Geneva- Approximately 280 migrants who were intercepted today and returned to Libya, remain on the overcrowded coast guard vessel, as Libyan authorities refuse to let them disembark. Relevant officials have indicated that due to the intensity in shelling, some of which previously targeted the Tripoli main port, Libya is not considered a safe port. This comes at a time when Italy has declared its ports unsafe due to the COVID-19 pandemic.
Staff from the International Organization for Migration (IOM), who are at the disembarkation point to provide emergency assistance, report that there are women and children among those intercepted. Our teams are supplying food and water to those onboard, amid increased shelling in the area. Assistance is further complicated due to a COVID-19 curfew in Tripoli.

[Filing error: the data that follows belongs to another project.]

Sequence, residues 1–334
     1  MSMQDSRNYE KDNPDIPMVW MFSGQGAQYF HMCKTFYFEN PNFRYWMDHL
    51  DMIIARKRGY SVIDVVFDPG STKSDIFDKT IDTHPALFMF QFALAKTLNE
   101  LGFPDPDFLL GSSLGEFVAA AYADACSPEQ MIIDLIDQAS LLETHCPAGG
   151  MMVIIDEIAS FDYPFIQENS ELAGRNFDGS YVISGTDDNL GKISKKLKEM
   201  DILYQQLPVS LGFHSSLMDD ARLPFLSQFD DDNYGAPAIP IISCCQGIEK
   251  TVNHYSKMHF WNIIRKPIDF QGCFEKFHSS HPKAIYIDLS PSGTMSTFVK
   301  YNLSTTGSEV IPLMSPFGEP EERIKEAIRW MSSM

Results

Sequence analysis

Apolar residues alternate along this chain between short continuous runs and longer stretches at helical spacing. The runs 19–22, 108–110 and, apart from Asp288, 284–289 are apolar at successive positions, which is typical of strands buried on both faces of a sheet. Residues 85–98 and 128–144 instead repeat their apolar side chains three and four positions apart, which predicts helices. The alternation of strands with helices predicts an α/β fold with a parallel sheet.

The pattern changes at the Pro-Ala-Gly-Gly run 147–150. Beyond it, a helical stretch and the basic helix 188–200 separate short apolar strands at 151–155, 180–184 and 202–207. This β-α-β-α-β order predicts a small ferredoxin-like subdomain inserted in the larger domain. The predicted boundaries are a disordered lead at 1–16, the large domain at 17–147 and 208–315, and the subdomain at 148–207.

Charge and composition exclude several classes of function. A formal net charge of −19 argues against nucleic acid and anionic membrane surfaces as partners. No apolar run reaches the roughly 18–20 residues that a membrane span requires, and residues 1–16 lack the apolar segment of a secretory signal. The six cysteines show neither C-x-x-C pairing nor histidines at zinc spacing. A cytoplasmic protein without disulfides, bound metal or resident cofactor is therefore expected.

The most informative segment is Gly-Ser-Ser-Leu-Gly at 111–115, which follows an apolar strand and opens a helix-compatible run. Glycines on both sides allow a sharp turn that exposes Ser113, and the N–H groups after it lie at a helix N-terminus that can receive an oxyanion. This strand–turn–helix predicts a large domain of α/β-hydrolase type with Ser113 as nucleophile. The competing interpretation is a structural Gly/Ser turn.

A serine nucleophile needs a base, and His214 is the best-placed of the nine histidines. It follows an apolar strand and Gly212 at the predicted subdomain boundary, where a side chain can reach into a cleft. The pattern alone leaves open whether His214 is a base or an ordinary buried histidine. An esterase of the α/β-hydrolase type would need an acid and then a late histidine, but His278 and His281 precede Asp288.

“The situation is tragic. Hundreds of people, drained after a perilous 72-hour journey, will spend the night on an overcrowded boat in tense circumstances,” says IOM Libya Chief of Mission Federico Soda.
“The status quo cannot possibly continue. A comprehensive approach to the situation in the central Mediterranean is needed.”
Driven in part by improved weather conditions and the intensifying conflict, over 500 migrants have departed from Libya this week, attempting to reach Europe. Around 150 of them were rescued by an NGO boat and 67 others arrived in Lampedusa.
IOM has repeatedly called for the establishment of a clear, safe, and predictable disembarkation mechanism in the central Mediterranean. European states must act now to end the return of migrants rescued at sea to Libya and ensure their safety.
Despite calls for action, migrants continue to be returned to arbitrary detention. Many over the past few months, have been reported missing, and others are detained in inhumane conditions. Reports also suggest that thousands of others are detained by smugglers and traffickers.
For more information, please contact Safa Msehli at IOM Geneva
Tel: +41794035526, email: email@example.com
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